(2) Externalising the current policy thinking of government in a open structured form to which people can contribute continuously, directly, precisely, cumulatively, and with a high signal-to-noise ratio. This trend, still comparatively nascent, can be seen in a prototypical form in policy wikis, annotation tools and sensemaking tools (of which Debategraph is an example).

It’s against this background that the latest development from the Obama transition team—in making all policy documents from official meetings with outside organizations publicly available for review and discussion on Change.gov—offers a tantalisingly encouraging sign.

As Dan McSwain, again, notes:

"…we’re inviting the American public to take a seat at the table and engage in a dialogue about these important issues and ideas—at the same time members of our team review these documents themselves."

It will be fascinating to see if the Obama transition team can carry this energised enthusiasm into office.

MAP UPDATE: 

Thank you to everyone who has contributed to the development of the map over the last week, and to the people below for helping the map meme to circulate in the blogosphere:

Visual Mapping, Benchmarking e-gov, Tomorrow Happens, Heuristiquement, and @stoweboyd, @grisvert, @TheMindMapWatch, @jeanlucr

..and incidentally, henceforward, as well as the map email digests and RSS feed you’ll also be able to keep track of the latest developments on the map here http://twitter.com/TheIndyDebate.

 

Cross Posted from: Independent Minds.

Help us map the mind of the blogosphere

Cross-posted from: Independent Minds

To celebrate the launch of The Independent Minds blogs, and as part of our Obama project with The Independent newspaper, we are launching a global experiment to map the mind of the blogosphere.


Source: Matthew Hurst’s Blogosphere Meta-Core.

Not all of it, obviously… not, for example, the part that’s thinking about Britney Spears and Angelina Jolie.

We’re just focusing on the part thinking about the inauguration of the new President and the choices he faces. And we want to transfer the collective insight of the blogsophere into the map that’s already building here.

Can we do it? With your help… yes we can.

We’re not expecting you to learn the pros and cons of argument visualization; though if you want to stretch your mind with something other than a Crossword or Linkudo we’d love to help.

Instead, all you have to do, if you are blogger, is to let us know when you have posted about Obama and any of the policy issues he faces. You can do this in two ways:

(1) Include a link to the map in your blog post:

http://www.independent.co.uk/news/world/americas/article1022466.ece

or,

(2) Embed the map like a YouTube video, using the code below:

<iframe src=’http://debategraph.org/flash/fv.aspx?r=7714&d=2&i=1′ frameborder=’0′ width=’490′ height=’650′ scrolling=’no’></iframe>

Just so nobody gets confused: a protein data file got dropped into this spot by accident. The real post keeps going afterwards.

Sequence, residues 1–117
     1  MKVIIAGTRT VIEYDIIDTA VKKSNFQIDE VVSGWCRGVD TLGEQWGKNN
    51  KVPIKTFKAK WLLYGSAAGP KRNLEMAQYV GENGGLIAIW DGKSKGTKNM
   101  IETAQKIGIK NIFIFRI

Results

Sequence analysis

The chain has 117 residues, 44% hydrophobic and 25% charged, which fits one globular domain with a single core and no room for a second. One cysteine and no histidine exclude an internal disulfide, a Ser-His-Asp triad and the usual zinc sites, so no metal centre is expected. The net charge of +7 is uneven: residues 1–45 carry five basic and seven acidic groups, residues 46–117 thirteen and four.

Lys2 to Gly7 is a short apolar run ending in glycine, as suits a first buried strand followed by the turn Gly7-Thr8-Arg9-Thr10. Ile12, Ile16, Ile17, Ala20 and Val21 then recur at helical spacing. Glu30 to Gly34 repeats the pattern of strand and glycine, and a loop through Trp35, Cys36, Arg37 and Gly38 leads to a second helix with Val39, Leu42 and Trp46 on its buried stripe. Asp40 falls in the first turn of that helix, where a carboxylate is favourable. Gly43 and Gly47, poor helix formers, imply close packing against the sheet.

Then tag the post TheIndyDebate. When you do this, we’ll detect the post and start to include your thoughts in the map.

Embedding the map will let your readers watch the map evolve in situ on your blog. And, if you link to or embed the map, we’ll publish a reciprocal link (both here and on the Independent Minds blog) back to your blog.

Starting now with: Ideal Government, Contrary Brin, AlwaystheTwain.

If we miss a blog post, email me at david AT debategraph DOT org – and if you’re not a blogger, but know someone who might interested in participating, please pass the links along.

What should Obama do Next? The Independent series launches…

In the build up to Obama’s inauguration on 20th January 2009, The Independent and Debategraph have teamed up to give the world a chance to map and explore what Obama should do next. Click here for the map.

Over the next 10 weeks, Independent readers and the Debategraph team will develop a series of interrelated debate maps of the key policy and political questions facing Obama as he prepares for office.

Whether it’s tackling the global financial crisis, deciding who to appoint to key cabinet posts, or determining how to proceed on climate change, Iraq or the crisis in the Congo, you are welcome to join us in building comprehensive maps of the political choices open to Obama, the arguments for and against the different options, and the path you think Obama should follow.

Each week, we’ll be seeding the maps with an article from The Independent or The Independent on Sunday and beginning to layer in the positions and arguments from the Obama team’s published agenda and public statements.

You can watch the maps evolve in the build up to the inauguration, or better still register and begin to comment, suggest new issues, rate the options and arguments, and add new options and arguments of your own.

I’ll describe the process in more detail over the coming weeks, but for now we have seeded the opening map on The Independent’s website with the arguments from Philip Bobbitt’s article The flag-waving is over. This is how the president can change the world (examining some of the international policy options open to Obama), and Leonard Doyle’s Obama Starts to Build a ‘Team of Rivals’ (considering whether Obama should appoint Hillary Clinton as his Secretary of State).